The Fox and the Hound
With the launch of Disney+, many collectors feared that their most prized (and expensive) items might not retail for very much — after all, the once-secured “Disney Vault” is now wide open. Luckily for them, tapes like the Black Diamond Edition of The Fox and the Hound are still no less valuable.
Starring Kurt Russell and Mickey Rooney, the film was an early 1980s addition to the studio’s illustrious animated filmography. Collectors can add the Black Diamond Edition to their collection for nearly 1,500 dollars.
The Adventures of Baron Munchausen
After the smash hits that were the Monty Python films, Terry Gilliam successfully managed to break into directing moves . It worked out well for him, with the director putting out plenty of memorable films over the years even to this day.
One such film, The Adventures of Baron Munchausen, ended up being more successful than the others, and it’s not because the content was any better or worse than his other films. It’s because the VHS version of the film racked up incredible value in the years since — tapes can go for roughly $2,500.
Produced by Italian horror icon Dario Argento, 1985’s Demons is a shocking bit of supernatural filmmaking straight from Europe. If Argento wasn’t a big enough sell, the film also has a strange soundtrack consisting of gloriously gaudy 80s artists like Billy Idol and Motley Crue.
Demons is readily available to stream and purchase on DVD. That’s no fun, though. It’s all about the hunt, especially for collectors who sometimes shell out more than 700 dollars to get their hands on a VHS copy of Dario Argento’s classic.
The Legend of Hillbilly John
A recurring theme among many of these VHS treasures is the oddity of the films themselves, and The Legend of Hillbilly John just might be one of the oddest. Following a musician as he travels through Appalachia and encounters a demonic bird who sends him back in time to work with the devil, Hillbilly John is nothing short of original.
VHS copies of The Legend of Hillbilly John have almost become legends themselves. In recent years, tapes of director John Newland’s 1972 feature have sold for around 1,100 dollars each at auction.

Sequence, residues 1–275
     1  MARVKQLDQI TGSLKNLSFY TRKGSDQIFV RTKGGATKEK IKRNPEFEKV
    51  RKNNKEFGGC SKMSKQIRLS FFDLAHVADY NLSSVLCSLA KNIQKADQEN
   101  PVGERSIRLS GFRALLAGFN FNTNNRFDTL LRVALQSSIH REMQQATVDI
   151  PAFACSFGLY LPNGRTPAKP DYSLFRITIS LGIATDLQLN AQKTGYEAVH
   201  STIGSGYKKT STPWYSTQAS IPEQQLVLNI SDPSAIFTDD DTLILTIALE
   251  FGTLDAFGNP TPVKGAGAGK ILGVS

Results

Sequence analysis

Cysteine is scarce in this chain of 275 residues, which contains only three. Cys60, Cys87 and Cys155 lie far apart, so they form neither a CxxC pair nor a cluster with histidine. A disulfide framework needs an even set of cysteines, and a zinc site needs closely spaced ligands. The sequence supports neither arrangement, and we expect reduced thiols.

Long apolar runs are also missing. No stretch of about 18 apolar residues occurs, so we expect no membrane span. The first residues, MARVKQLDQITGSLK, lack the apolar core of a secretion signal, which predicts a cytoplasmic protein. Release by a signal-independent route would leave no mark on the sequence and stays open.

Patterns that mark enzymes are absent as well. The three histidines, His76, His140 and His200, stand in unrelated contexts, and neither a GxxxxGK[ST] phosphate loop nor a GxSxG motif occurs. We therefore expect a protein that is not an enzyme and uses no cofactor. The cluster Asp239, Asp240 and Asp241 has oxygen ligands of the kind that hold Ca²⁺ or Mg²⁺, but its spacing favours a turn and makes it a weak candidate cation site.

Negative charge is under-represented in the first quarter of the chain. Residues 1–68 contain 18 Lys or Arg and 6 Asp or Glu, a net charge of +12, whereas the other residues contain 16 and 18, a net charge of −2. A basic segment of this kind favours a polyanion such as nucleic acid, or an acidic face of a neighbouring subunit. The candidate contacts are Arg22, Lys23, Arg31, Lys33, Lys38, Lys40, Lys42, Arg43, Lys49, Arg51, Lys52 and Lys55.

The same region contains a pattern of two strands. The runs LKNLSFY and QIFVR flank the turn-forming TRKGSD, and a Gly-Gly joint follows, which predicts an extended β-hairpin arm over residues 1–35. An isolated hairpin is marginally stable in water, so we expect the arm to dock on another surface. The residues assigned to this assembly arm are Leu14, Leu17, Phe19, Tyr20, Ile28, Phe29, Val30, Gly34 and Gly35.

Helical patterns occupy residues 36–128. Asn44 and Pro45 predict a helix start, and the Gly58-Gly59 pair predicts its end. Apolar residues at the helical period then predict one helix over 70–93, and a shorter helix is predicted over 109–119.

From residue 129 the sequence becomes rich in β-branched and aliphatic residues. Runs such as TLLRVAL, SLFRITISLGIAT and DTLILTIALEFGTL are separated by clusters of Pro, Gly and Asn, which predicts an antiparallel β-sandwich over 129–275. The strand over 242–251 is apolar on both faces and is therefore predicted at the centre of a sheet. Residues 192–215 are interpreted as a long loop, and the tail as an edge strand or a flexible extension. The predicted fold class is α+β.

Night Ripper, sometimes stylized on certain tapes as Night Ripper!, is another key addition to the ever-expanding schlocky 80s horror film canon. That might already make the movie appealing to some movie lovers, but there’s more: it also stars the Soup Nazi from Seinfeld. It’s a truly baffling bit of filmmaking.
Perhaps that is why the film’s VHS tape has accumulated such immense value in the decades since its release. At an estimated auction value of 800 dollars, Night Ripper would be a worthy addition to any cinephile’s collection.
Don’t Open the Window
The VHS tape might read Don’t Open the Window, but the film was actually put out in theaters under a different name: Let Sleeping Corpses Lie. Two very different commands, one very eccentric 70s horror film. Tackling hippies, the Manson family, zombies and pollution from DDT, Don’t Open the Window-slash-Let Sleeping Corpses Lie really has it all.
Given its insane premise and mixed bag of subjects, it’s no wonder at all why VHS copies of this particular film go for a thousand dollars or more on sites like eBay. There’s just nothing else like it.
Black Devil Doll From Hell
Every once in a while, there comes a title that really says it all. Black Devil Doll From Hell is one such film. What’s it about? Well, a woman buys a black doll possessed by a demonic spirit from hell. It’s that simple. And of course, copies of the film on VHS are extremely lucrative.
One of the most sought-after VHS titles in the home video format’s history, Black Devil Doll From Hell typically goes for around 500 dollars but has actually gone for hundreds (if not thousands) more in past auctions. Here’s hoping the tape’s not possessed.
There’s a common denominator when it comes to rare and expensive Disney movies on VHS: the Black Diamond Edition. There are eighteen different titles in the collection, but only a select few actually have any value. 1941’s Dumbo is one of them.
Not to be confused with the recent Tim Burton remake, the classic version of Disney’s Dumbo on VHS from the Black Diamond Collection tends to sell for around five hundred dollars or more, depending on the auction. Some can go for much cheaper, of course, but at the right time and the right place, your Dumbo VHS could make some bank.
Not to be confused with the horror classic of the same name House made in Japan in the late 70s, House was released in the United States States in 1985. Directed by infamous horror director Steve Miner, House, as one could probably surmise, is about a writer who unknowingly moves into a haunted house.
The movie’s widely considered to be somewhat mediocre, but the selling price is a lot better. If anyone happens to be in possession of a special version of the film enclosed in the original light-up case with detachable cardboard cutout of the titular house, they could make roughly $500.
Snow White and the Seven Dwarfs
Another Black Diamond Edition, Snow White and the Seven Dwarfs stands as one of the most expensive VHS tapes ever sold. It’s likely aided by the fact that it was Disney’s very first animated feature film and the highest-grossing animated film of all time when adjusted for inflation.
The price tag attached to Snow White is enough to make you scramble for your collection in search of a copy. One tape sold for nearly 3,000 dollars, but who’s to say what a pristine, unopened tape could go for today?
Halloween is the definitive Halloween movie, and not just because of the title. Given the film’s renown, it’s not shocking to learn that certain copies of the movies on VHS are more valuable than any Halloween candy.